The Bauer sisters remember years ago when they had piano recitals at the old Baldwin Music store in downtown Kennewick.
Now they’re trading music lessons for a different soul-satisfying love: food.
Alanna Bauer Lindblom and Courtney Bauer who – along with their mother, Chris Bauer – have a vision of turning the old music store into a food paradise.
The trio hope to open Red Mountain Kitchen by the middle of March.
The commercial kitchen aims to provide 5,000-square-feet of space to aspiring food entrepreneurs to plan, prep and produce their culinary creations.
Plans include a primary kitchen, a baking kitchen, prep kitchen space for multiple users and sanitizing/clean up space.
Monthly rental rates will be available for dry, refrigerated and freezer storage.
Also, a separate flex-space with a demo kitchen will be available to rent for cooking classes, pop-up restaurants, tastings, food and wine pairings, demos for video/live streaming, or food photography.
It’s a dream come true for the women, who have always loved cooking and baking.
“Mom forced us all to cook,” Courtney said. “We were chopping olives when we were 4. She would delegate things at dinner.”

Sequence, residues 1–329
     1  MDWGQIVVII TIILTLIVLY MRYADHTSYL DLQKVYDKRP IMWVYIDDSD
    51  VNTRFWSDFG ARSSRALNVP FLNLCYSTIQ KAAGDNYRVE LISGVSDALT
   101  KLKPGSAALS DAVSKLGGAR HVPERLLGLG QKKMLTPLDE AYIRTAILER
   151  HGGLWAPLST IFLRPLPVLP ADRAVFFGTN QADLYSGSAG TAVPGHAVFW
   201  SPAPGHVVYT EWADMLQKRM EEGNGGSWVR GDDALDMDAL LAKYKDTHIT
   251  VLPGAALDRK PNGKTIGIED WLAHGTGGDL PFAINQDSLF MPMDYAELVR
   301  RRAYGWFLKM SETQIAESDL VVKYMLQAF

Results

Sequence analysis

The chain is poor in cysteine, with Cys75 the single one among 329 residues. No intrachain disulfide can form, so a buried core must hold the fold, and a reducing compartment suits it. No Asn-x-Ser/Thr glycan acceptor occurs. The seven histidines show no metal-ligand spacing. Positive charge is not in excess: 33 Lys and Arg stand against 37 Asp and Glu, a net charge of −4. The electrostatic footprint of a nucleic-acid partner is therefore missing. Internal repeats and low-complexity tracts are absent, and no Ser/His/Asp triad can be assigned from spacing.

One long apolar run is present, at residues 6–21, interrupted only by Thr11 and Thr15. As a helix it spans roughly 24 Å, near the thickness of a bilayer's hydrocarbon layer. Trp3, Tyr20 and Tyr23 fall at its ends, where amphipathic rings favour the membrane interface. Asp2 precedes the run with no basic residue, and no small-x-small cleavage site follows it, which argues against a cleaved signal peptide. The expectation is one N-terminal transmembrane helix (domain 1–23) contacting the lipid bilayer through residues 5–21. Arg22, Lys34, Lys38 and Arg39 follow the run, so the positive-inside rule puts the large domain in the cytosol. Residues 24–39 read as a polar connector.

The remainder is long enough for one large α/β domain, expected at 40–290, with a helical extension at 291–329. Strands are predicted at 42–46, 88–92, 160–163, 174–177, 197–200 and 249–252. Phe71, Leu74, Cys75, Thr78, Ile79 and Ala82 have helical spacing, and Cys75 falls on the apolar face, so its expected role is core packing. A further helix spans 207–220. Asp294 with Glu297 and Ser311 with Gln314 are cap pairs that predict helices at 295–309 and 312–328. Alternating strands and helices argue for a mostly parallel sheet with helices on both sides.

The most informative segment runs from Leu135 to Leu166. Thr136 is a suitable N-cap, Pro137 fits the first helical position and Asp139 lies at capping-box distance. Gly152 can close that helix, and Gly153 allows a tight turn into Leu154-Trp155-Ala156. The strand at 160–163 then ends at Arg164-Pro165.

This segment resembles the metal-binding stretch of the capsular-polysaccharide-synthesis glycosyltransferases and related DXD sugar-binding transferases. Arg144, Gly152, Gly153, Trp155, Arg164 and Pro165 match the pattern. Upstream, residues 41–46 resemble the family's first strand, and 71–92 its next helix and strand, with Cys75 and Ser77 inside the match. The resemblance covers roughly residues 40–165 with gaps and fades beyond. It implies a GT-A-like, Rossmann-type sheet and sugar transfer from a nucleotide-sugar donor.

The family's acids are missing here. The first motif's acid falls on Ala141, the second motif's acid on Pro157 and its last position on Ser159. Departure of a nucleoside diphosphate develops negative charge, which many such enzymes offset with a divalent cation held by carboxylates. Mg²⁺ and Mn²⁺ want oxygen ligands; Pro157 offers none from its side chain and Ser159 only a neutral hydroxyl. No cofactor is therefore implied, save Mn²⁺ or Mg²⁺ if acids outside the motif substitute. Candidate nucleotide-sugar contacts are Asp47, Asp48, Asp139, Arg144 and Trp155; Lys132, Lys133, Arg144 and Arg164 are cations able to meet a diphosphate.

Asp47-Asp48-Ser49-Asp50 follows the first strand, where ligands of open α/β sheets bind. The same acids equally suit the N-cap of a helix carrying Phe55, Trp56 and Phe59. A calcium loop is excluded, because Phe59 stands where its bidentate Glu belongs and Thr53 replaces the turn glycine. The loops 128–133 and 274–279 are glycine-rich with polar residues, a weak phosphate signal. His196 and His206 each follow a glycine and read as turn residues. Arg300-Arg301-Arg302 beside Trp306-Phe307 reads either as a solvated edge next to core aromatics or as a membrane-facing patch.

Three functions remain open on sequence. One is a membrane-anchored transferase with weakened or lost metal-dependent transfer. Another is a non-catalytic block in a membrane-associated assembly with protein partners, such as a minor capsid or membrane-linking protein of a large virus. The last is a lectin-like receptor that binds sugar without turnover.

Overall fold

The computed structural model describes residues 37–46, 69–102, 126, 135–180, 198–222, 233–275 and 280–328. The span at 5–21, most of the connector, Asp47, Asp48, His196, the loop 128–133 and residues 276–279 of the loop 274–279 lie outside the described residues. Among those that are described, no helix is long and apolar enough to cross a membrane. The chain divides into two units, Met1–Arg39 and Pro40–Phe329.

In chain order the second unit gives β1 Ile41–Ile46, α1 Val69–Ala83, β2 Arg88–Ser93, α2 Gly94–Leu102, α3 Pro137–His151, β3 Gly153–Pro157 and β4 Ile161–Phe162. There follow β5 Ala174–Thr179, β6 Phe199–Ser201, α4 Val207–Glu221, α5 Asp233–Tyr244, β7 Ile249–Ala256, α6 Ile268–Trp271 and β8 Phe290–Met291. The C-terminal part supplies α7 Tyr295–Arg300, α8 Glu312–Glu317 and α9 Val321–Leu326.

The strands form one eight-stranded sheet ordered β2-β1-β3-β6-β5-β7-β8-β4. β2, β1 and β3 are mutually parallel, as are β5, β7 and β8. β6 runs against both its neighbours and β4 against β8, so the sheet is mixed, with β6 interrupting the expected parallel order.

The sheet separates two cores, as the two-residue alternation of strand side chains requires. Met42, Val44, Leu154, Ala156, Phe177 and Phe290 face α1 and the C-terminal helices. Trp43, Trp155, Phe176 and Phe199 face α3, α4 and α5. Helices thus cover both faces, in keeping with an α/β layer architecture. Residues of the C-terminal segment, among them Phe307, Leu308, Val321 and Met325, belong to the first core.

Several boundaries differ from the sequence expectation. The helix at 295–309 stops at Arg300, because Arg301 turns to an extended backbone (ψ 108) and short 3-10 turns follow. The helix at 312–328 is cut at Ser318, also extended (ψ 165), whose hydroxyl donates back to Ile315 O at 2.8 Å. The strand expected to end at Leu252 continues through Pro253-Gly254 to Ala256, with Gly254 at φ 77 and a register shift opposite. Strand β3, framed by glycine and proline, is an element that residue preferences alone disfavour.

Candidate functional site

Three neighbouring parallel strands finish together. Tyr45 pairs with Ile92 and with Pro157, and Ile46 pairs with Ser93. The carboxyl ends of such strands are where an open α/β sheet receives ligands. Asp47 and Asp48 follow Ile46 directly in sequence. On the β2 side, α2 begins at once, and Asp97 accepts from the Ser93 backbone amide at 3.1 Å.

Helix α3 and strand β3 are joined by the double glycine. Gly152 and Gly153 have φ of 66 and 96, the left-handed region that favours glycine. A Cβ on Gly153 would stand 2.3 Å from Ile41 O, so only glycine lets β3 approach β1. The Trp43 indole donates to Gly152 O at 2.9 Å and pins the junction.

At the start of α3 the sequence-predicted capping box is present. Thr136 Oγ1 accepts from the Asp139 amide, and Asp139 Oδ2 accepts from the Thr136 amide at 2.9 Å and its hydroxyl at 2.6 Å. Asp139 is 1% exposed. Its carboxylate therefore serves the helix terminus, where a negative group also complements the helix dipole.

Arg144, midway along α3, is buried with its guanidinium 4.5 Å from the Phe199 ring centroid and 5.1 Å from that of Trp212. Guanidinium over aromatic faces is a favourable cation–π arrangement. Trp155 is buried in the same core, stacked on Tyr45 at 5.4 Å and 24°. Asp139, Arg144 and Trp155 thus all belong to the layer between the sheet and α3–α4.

“We all grew up cooking. It’s a skill,” added Alanna, who will be the kitchen’s operations manager.
The sisters said their younger sister, Maddie Bauer, is a pastry chef.
“She’s really who opened our eyes to culinary schools,” Courtney said. “We discussed opening a food truck pod somewhere in the Tri-Cities, like they have in Portland. But after talking to vendors, we realized what they actually needed was a kitchen.”
After looking at a number of existing buildings, the family decided on the old Music Machine store.
The store at 212 W. Kennewick Ave. specialized in music for almost 40 years. But in October 2016, Music Machine went out of business.
The whole launching-a-new-business process, starting with the idea, has taken 18 months.
The family expects the bakery to be a big draw for respective clients and consumers.
The building also has two receiving docks.
“It’ll make it easier for food truck owners to come in and out,” Courtney said.
Courtney said there are 125 food trucks in the region, stretching from Prosser to Pasco.
“We don’t think the number is going go down. It’s going go up,” Courtney said.
The front part of the building’s east side will be a flex area where pop-up restaurants can set up for a day, weekend or a little bit longer.
There is a capacity for 80 people in the flex area, Alanna said.
Cooking classes are another possibility.
“It’ll be like a palette,” Alanna said. “We want people to dream and try it out here.”
Red Mountain Kitchen would be the area’s third largest commissary, a place every food vendor must have to do business.
The other two are the Pasco Specialty Kitchen and Anthology in Richland.
Marilou Shea, who ran the Pasco kitchen up until last year and is now an adjunct instructor in career and technical education at Columbia Basin College, hopes the Bauers can make a go of the kitchen.